Report: After questioning several people, including Kazemi's ex-boyfriend, Keith Norfleet, police said they are still far from a motive but learning more about the dating relationship between Kazemi and McNair, who was married to Mechelle McNair.
Analysis: This is a no-brainer. Ask the question: Who gets something out of this deed?
Report: Aaron said detectives were concerned about the length of time it took McNair's friend to call police once he discovered the bodies. Wayne Neely, who rented the condo with McNair, got there before 1 p.m. local time Saturday, but police weren't called until another friend arrived at 1:35 p.m. McNair and Kazemi had been dead for several hours by the time their bodies were found, police said. Aaron said they did not believe the bodies were moved. When asked if other evidence may have been moved, he said he couldn't comment.
Analysis: Being concerned is good. Neely's actions aren't entirely out of bounds. He might've been very shaken. Still, this needs to be explored to satisfaction. To say you "do not believe" the bodies were moved is misleading police verbiage. That is speculation only. There usually is a way to determine if bodies have been moved after a killing. What continues to plague the investigation is the fact that, apparently, five shots were fired in that location, yet not a single soul says they heard anything. Are those condo walls so thick as to muffle five gunshots?
Report: Mechelle McNair has not spoken publicly about the death.
Analysis: Nor should we expect her to.
Report: Kazemi's family has said she believed McNair was in the process of divorcing his wife when they met at her job at Dave & Busters several months ago and began dating. There is no record of divorce filings for the couple.
Analysis: Anyone who's ever been involved in a complicated thing like this knows how difficult and drawn out events prove to be. It could have been years before McNair was fully divorced. The financial aspects can get very contentious. Kazemi's family probably knew none of the details, and, like everyone else it seems, are only speculating.
Report: Bishop Joseph Walker, the pastor of Mount Zion Baptist Church, said he had no indication there was trouble in the McNairs' marriage. When they came to service, they came together. They had not been in to see him for counseling.
Report: McNair had two arrests in Nashville. He was arrested on a DUI in 2003 that was later dismissed, and in 2007, he was arrested on an owner-operator DUI because his brother was charged with drinking and driving in his car while McNair was a passenger.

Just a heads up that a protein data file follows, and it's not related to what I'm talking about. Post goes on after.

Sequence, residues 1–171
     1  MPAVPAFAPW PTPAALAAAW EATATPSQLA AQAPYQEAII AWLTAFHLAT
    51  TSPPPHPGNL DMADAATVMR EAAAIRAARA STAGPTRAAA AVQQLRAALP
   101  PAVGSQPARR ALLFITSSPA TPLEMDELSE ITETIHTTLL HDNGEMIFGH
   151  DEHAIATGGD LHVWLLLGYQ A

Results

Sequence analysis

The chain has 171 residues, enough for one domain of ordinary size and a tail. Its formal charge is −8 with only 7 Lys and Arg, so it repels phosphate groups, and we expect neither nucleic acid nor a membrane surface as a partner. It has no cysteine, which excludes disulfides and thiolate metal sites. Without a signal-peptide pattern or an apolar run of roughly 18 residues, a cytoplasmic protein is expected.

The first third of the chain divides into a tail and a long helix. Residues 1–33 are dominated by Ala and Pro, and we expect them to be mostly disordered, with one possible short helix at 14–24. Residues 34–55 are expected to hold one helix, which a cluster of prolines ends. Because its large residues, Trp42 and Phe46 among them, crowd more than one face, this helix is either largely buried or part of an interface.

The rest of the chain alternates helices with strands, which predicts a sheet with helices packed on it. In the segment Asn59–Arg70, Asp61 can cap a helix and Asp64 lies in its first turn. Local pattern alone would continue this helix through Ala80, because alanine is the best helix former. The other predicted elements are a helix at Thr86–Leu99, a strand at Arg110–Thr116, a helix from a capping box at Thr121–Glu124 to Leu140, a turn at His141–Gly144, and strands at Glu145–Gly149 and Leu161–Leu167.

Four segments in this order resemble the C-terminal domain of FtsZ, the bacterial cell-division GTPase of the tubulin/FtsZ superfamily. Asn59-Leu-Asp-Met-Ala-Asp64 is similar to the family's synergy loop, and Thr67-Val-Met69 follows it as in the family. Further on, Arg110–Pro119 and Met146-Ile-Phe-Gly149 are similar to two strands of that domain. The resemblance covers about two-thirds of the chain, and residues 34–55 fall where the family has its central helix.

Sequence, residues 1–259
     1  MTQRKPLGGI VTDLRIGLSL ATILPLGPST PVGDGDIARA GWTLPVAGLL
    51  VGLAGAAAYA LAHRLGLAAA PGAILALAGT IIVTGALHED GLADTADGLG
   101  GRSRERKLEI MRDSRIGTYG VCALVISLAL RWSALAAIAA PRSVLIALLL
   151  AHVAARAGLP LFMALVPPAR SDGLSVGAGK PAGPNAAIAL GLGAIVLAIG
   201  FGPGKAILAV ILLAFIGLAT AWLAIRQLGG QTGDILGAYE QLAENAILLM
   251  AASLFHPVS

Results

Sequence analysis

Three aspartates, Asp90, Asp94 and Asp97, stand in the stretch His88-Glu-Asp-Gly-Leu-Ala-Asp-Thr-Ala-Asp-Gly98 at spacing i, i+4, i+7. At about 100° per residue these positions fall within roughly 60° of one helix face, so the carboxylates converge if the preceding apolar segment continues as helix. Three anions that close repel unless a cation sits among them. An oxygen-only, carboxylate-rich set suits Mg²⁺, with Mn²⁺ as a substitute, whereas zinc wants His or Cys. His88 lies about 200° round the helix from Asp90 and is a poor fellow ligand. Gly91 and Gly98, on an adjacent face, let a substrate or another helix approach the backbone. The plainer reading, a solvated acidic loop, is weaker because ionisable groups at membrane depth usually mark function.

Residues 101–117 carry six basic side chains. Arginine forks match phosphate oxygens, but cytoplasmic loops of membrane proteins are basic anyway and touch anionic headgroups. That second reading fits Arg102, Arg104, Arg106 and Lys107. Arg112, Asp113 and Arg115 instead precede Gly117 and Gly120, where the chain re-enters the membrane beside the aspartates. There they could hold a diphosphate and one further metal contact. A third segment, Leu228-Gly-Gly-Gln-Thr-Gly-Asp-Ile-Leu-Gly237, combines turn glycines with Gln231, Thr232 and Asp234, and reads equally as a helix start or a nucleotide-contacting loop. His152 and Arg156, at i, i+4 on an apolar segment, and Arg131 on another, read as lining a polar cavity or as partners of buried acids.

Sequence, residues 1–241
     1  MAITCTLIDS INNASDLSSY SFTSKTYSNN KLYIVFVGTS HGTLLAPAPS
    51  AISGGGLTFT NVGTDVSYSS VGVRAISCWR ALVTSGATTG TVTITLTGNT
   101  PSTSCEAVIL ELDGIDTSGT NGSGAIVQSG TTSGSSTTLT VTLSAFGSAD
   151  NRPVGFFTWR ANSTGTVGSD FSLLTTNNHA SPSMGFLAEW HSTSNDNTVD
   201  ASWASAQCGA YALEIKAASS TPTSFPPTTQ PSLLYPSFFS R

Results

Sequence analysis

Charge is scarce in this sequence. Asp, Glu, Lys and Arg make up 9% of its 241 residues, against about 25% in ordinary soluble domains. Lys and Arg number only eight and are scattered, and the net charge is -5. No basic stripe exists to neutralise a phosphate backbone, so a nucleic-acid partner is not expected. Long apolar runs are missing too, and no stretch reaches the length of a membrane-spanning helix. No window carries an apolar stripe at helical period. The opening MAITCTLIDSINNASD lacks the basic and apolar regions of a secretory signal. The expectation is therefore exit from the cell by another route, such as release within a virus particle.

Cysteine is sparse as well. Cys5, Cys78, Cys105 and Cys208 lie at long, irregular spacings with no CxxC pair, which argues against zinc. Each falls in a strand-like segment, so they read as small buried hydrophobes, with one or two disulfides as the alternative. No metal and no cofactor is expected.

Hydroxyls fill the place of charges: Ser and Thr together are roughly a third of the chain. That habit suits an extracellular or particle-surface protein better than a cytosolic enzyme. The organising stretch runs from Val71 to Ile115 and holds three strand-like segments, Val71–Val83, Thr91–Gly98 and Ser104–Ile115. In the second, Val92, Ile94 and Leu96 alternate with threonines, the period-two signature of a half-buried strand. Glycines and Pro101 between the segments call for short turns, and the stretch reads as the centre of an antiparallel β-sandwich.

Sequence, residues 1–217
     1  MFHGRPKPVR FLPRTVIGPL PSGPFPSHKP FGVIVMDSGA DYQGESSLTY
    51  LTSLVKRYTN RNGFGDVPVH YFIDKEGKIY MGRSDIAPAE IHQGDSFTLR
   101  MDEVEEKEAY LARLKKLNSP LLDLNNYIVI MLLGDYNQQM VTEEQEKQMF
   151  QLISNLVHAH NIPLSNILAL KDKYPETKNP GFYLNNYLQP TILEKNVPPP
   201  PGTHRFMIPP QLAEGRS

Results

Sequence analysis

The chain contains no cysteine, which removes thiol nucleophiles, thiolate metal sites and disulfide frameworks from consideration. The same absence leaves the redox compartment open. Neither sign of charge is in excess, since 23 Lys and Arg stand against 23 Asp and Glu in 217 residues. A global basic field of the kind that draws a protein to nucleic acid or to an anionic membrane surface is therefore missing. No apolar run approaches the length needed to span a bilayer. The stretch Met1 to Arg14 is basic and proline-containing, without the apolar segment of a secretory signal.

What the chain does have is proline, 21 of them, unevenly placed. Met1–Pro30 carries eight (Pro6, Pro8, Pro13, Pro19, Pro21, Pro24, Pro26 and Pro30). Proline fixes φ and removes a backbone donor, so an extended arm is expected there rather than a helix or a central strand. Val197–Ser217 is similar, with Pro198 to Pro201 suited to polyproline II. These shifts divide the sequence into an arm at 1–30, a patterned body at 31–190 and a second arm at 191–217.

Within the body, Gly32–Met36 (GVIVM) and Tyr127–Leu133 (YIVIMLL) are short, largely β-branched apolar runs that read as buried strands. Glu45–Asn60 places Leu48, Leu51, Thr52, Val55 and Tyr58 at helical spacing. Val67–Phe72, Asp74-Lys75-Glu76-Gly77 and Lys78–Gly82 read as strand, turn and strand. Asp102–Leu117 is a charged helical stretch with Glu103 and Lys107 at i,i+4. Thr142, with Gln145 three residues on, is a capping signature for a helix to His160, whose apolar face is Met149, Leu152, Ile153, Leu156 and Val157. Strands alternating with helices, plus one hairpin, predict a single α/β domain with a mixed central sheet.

Analysis: McNair also carried guns. He was a hero on the football field, but a bit of a drinker and somewhat thuggish in other areas of behavior. Hardly a saint.
Report: There was no cause to arrest McNair when he was a passenger during Kazemi's DUI stop on July 2 because Kazemi was a co-owner of the Cadillac Escalade and bore the responsibility, Aaron said. Kazemi was driving 54-mph in a 30-mph zone, according to court records. She told police she was not drunk, but high. She later said it had been eight hours since she drank any alcohol. The court records don't mention McNair and a second person riding in the car. Though McNair was an owner, police did follow procedure when they released McNair, said Nashville criminal defense lawyer Nathan Moore." Absolutely, they did the right thing," Moore said of the officers letting McNair take a cab. "He had no legal obligation keeping her from driving the SUV. It was registered in both their names."
Analysis: Yes, no legal obligation. But how weird is it that McNair beat a hasty retreat into a cab, leaving his girlfriend to deal with the cops? And who is this third party also in the car? Not to mention, what kind of idiot person drives 54 MPH down Broadway at any time of day? Stupid, careless people all the way around.
Report: Officer Shawn Taylor, who stopped Kazemi, also was the officer who arrested McNair in 2003. The charges were dismissed and expunged.
Analysis: The poetic justice is thick. Taylor took a lot of heat during the 2003 incident, mainly from a public that was on McNair's side and wanted to see him beat that rap.